— Bruce D. Despain

[Preface of 1988 edition] It is interesting that the following paper, written almost ten years ago, addresses many of the concerns that are currently being expressed by the developers of GEDCOM. Back then there was no place to publish this paper very widely. I am not too sure that even today there would be anyone in either the genealogical or computer science fields interested in the concepts addressed. The recent conference on GEDCOM for software developers does, however, give hope that there might be some few now willing to listen.

Many of the problems in establishing standards for interfaces between genealogical data bases are in the conceptual model of the genealogical data. The Family History Department has confronted some of these problems in their attempts to transfer data from the Personal Ancestral File structures to those of the Ancestral File. When two structures fail to correspond, too often the results are that the data is lost. In such cases the conflicts might well be resolved with a deeper analysis of the data. Such an analysis can proceed within the conceptual framework introduced here.

Let me make a few comments as to the relevance of the approach outlined. For example, it should not be too surprising that the tags used by GEDCOM correspond to many of the components of structure symbolized in my calculus. These are basic elements of genealogical sources and compilations. What is needed is to get away from the canonization of all such tags. I am now of the opinion that we need to work toward the means of giving tag definitions hierarchically within the GEDCOM file. [cf. today's XML language] It may also be possible with GEDCOM to give a number of transformations to a sufficiently differentiated standard set. [embedded procedures]

— The Author

It is by using a symbolic language that scientists have succeeded in representing the structures and interrelationships of the concepts of their discipline in a rigorous and formal way. Physicists have long used mathematics as their language of symbols to give a very definite meaning to such terms as “mass,” “energy,” “velocity,” and “force.” Would it be worthwhile to consider seriously what the consequences might be if a sufficiently expressive symbolic system were applied to a field like genealogy? What would happen if a formally rigorous definition were given to such concepts as “vital event,” “date,” “locality,” “child,” etc.?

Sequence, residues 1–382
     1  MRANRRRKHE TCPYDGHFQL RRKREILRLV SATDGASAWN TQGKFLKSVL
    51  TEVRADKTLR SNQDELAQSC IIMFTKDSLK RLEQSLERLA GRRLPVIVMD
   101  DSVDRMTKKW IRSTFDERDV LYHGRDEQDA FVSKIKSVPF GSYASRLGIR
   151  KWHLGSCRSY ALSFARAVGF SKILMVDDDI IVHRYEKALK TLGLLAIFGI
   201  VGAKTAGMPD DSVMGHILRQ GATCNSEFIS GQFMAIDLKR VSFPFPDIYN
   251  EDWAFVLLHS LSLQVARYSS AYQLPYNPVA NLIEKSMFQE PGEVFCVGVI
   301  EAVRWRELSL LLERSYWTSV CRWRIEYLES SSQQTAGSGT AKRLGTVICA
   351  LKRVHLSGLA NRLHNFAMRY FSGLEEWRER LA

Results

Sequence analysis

One advantage that would come from applying a symbolic language to genealogy would be the possibility of isolating specific problems of definition. But by far the most useful advantage is the ability to answer the question of whetherr a particular genealogical compilation is actually based on a particular set of records — the question is reduced to a matter of mathematical deduction. The degree to which we may safely place confidence in that compilation may find definition. All such advantages depend on the descriptive power of the language constructed. We would want to avoid the construction being ineffective in these ways and reducing to an academic exercise.

This article outlines the structure of a symbolic language. The language is capable of describing structures of genealogical interest several examples being taken from my own experience. To most the genealogical concepts are terribly elementary, but this is because the paper concentrates on the form. One of the virtues of a symbolic language is the way it forces the user to be explicit where one might be accustomed to taking for granted. This is the experience of the computer programmer. Formal structuring tends to treat something personal and subjective in a starkly objective way by abstracting only the obviously relevant dimensions. Such an exploitation of genealogy may eventually lead to the computer taking over the tedium in our work leaving us to pursue the personal, historical and other more subjective dimensions.